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Posted 25.03.11 in Features

Confessions of a Young Poet Laureate


So what does a Young Poet Laureate in Herefordshire do and how do you get to be one anyway? Prize-winning young poet and YPL Hal Husbands explains

 

What’s up, poets? I’m Hal, I’m a Young Poet Laureate of Herefordshire and a SLAMbassador, and I’ll be your best friend for today. Don’t mention it, my lovely luscious logophiles – it’s a pleasure, and I get a slightly perverse kick out of having you all listen to me.

I’m still young, and almost as clueless as all of you, but since I’ve made a start to my career, let me play the oracle. Everyone, gather round, and circulate the carbonated beverage.

What happens in a YPL contest?

STAGE  1 – Entering
Here in Herefordshire, entrants were asked to send four original poems to a judging panel. I found this tough, because I don’t ever finalise poems. The French poet Valéry totally got this too – he once said, ‘A poem is never finished, only abandoned.’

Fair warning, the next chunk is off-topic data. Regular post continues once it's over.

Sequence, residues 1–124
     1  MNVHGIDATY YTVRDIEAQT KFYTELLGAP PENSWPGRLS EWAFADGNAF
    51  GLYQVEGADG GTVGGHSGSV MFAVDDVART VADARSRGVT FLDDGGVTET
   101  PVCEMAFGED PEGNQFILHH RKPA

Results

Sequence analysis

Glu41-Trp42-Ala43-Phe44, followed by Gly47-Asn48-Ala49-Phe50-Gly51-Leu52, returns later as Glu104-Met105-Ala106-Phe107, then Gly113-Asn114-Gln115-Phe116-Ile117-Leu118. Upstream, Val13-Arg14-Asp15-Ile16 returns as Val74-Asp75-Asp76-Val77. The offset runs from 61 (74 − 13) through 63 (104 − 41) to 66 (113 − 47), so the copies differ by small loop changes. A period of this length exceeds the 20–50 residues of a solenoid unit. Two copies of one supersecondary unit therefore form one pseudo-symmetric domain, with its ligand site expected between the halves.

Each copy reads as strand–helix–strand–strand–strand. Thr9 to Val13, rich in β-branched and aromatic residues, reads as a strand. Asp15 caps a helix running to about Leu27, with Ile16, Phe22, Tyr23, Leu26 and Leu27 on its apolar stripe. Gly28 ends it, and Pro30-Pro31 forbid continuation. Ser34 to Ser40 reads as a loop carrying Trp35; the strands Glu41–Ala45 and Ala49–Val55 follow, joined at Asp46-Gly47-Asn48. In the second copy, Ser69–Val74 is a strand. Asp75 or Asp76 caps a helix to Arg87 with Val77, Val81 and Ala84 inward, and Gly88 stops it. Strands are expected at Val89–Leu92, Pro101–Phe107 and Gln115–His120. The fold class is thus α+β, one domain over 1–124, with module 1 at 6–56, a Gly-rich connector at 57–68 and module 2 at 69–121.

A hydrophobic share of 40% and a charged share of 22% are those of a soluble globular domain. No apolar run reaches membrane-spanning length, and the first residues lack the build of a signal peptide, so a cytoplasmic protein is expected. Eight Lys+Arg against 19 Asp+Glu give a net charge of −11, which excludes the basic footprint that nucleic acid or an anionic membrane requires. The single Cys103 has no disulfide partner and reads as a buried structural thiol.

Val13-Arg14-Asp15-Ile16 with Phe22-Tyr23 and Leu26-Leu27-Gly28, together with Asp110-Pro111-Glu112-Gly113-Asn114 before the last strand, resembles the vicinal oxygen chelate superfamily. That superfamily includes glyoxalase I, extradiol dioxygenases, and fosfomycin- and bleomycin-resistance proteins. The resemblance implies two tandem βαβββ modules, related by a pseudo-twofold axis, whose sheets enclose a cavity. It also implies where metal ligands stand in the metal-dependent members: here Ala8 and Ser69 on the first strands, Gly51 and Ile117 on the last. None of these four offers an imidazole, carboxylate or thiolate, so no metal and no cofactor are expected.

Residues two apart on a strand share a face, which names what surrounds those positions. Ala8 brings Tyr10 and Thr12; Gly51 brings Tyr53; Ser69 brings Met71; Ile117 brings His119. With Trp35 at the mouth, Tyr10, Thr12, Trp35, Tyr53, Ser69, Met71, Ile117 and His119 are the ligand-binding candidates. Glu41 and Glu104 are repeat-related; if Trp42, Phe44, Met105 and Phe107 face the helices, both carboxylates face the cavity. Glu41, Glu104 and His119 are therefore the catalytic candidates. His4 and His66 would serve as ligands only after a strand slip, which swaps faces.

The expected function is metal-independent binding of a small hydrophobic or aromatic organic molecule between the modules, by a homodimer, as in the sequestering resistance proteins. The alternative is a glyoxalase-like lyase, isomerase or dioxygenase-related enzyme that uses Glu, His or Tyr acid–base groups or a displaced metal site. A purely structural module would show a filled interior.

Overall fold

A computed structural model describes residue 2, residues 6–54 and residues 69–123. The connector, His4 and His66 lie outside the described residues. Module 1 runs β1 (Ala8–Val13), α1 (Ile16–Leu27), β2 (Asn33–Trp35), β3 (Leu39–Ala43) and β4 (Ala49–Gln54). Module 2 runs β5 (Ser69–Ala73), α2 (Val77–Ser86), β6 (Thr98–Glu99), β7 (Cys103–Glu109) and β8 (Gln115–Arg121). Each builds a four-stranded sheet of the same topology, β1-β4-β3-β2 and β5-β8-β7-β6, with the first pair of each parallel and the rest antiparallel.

STAGE 2 – Preparation
Finalists from across the county were asked to take part in a workshop with a  performer from the city Theatre. We learned basic techniques of performance, like breathing, vocal warm-ups, and beating stage fright.

STAGE 3 – Final
Matt Windal, an intense poet from Birmingham, hosted the reading. It was enough for me just to get to watch him rip it up. After a truly sweet reading, both myself and another entrant were chosen for the post.

What does a YPL do?

But I still haven’t told you what I do. I’m only halfway through my ‘term’ so there’s still more to do this year. We write ‘theme’ poems for events, we go to workshops and readings, visit schools, and we also meet literary gods, a chance many would stab you in the eye for.

We recently judged a poetry contest for kids affected by bereavement. The task was immense, and me and my partner read hundreds of poems. Much joy, much crying, and much coffee drunk.

What’s so great about being a YPL?